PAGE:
Sat, Nov 19, 2005 - Page 10 News List

Latest bank merger does not make sense: analysts

REFORM Market watchers said political manipulation was the only possible reason for the Cabinet's decision to let the Bank of Taiwan merge with Central Trust of China

By Jackie Lin  /  STAFF REPORTER

With only limited possibilities for synergy, the proposed merger of the Bank of Taiwan (台灣銀行) with the smaller, state-run Central Trust of China (中央信託局) has been the result of political manipulation, rather than market forces, industry watchers said yesterday.

"They want to merge just for the sake of merging. It makes no sense theoretically," said Thomas Lee (李桐豪), professor of money and banking at National Chengchi University.

The Ministry of Finance announced on Thursday night that the Cabinet has approved the integration of these two 100-percent state-owned banks. The Bank of Taiwan will be the surviving entity, remaining the nation's largest bank, with combined assets of about NT$3 trillion (US$90 billion).

The two banks' directors approved the merger at their respective board meetings yesterday afternoon.

The planned merger will give the Bank of Taiwan a market share of 11.59 percent, compared with the 9.77 percent share Taiwan Cooperative Bank (合庫銀行) and Farmers Bank of China (農民銀行) will have after their merger. Taiwan Cooperative agreed earlier this month to buy Farmers Bank for about NT$16 billion in stock. The deal will take effect on May 1.

Lee said the latest merger would not be able to reduce operational costs, as the Bank of Taiwan has already achieved an economic scale.

Standard & Poor's Ratings Services kept its ratings on the Bank of Taiwan unchanged, with a long-term rating of "A+" and a short-term rating of "A-1," according to a report issued yesterday.

"Although Central Trust's financial profile is weaker than that of Bank of Taiwan, any merger is unlikely to have a significant negative impact on Bank of Taiwan's financial profile, as Central Trust is comparatively small," the report said.

Taiwan Ratings Corp (中華信評), a local arm of S&P, held a similar view. It placed its "twAA/twA-1" ratings on Central Trust on CreditWatch with positive implications yesterday.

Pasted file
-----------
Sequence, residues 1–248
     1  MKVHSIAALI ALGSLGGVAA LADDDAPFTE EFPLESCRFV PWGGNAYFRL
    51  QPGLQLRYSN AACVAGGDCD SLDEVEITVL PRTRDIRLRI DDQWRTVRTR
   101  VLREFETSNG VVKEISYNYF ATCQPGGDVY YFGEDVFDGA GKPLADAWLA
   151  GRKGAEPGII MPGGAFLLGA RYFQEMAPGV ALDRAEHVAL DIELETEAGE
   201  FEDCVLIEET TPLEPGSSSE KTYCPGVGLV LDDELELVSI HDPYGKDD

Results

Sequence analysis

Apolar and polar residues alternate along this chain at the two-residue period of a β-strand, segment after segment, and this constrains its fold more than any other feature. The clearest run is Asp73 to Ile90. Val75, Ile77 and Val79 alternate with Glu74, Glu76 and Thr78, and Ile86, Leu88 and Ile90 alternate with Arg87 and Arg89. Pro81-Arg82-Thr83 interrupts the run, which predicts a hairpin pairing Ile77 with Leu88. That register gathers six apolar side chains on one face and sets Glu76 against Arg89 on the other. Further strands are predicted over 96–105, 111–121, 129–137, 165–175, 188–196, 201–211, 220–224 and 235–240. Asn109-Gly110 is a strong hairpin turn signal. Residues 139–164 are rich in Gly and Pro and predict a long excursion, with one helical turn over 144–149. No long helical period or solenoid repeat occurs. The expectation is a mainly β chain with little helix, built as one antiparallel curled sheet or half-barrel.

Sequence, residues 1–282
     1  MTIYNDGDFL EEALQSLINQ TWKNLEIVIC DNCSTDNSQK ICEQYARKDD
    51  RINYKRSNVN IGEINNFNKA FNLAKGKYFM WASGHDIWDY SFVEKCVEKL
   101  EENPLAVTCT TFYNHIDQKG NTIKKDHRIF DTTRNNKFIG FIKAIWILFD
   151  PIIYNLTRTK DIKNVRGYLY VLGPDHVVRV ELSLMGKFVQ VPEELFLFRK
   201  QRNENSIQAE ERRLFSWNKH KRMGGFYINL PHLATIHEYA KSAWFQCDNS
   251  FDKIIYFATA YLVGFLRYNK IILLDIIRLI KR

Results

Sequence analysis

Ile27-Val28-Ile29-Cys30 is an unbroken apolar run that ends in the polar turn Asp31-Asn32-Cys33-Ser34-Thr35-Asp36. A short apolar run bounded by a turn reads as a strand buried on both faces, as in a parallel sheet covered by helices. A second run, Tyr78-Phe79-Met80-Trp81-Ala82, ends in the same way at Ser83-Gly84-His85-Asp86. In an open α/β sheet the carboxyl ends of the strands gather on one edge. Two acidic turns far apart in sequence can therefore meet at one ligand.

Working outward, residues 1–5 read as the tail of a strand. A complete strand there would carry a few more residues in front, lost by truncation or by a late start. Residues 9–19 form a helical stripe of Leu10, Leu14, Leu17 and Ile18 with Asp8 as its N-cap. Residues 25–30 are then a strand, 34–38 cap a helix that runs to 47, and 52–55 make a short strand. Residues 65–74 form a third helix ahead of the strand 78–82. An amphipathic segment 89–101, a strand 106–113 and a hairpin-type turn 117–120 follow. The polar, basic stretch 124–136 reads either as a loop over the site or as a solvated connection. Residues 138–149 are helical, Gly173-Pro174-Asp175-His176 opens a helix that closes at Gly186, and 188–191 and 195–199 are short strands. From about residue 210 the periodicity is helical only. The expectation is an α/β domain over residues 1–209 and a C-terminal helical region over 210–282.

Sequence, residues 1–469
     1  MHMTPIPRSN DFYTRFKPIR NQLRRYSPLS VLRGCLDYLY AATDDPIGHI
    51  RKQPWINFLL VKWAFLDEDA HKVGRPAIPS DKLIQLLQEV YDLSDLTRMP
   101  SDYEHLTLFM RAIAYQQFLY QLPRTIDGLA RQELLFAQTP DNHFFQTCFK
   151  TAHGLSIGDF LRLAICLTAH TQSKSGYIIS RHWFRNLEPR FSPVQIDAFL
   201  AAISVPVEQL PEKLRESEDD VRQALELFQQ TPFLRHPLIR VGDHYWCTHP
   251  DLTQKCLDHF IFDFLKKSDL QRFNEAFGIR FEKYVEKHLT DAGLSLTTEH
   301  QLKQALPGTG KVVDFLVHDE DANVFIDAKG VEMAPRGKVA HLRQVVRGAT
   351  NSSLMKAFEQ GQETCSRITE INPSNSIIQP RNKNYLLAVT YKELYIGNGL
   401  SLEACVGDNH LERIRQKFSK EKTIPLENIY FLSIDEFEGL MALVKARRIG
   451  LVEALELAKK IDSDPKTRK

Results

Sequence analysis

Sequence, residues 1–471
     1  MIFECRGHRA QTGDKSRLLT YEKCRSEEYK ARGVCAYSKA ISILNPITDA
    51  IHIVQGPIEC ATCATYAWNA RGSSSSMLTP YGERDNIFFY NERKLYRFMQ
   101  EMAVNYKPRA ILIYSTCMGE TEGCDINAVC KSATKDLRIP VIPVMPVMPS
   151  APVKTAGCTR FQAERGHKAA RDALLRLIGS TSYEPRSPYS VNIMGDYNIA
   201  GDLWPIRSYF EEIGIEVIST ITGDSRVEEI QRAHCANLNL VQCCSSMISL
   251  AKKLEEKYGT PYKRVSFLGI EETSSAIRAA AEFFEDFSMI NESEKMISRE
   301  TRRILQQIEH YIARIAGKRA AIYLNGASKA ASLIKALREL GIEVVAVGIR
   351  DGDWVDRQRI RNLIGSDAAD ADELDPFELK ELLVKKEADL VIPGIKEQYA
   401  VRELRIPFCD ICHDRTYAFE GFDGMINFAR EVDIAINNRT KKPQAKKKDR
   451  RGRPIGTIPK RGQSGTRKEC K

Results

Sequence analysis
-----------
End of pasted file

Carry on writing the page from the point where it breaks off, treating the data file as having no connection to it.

Explaining the details in a press conference yesterday afternoon, Minister of Finance Lin Chuan (林全) said the government has no choice but to choose the second-best option after Central Trust employees and the legislature's Finance Committee strongly opposed the original separate-sale scheme to auction off Central Trust's banking and insurance units.

"Central Trust's case cannot be delayed infinitely, as employee morale is eroded and business expansion has stagnated," Lin said.

In the wake of news of the merger, Central Trust's employees union has withdrawn from a meeting with workers at the International Commerce Bank of China (ICBC, 中國國際商銀) and First Financial Holding Co (第一金控) to vote on strikes today.

Bank of Taiwan chairman Joseph Lyu (呂桔誠) said that the merger deal will bring about significant synergy resulting from their complementary business activities, extensive distribution networks and resource-sharing.

However, their arguments failed to convince analysts, who prefer integrations between private banks and state-controlled players to maximize operational efficiency.

Wang Chien-ming (王建民), an analyst at Capital Securities Corp (群益證券), said the deal will neither cause too much change in the financial sector nor boost the stock market, as "it only increases marks for the government's reform policy."

As the government now needs to dispose of one more state-controlled financial institution before the end of the year in accordance with its consolidation goals, Lin remained close-lipped as to which bank or financial holding company will be next.

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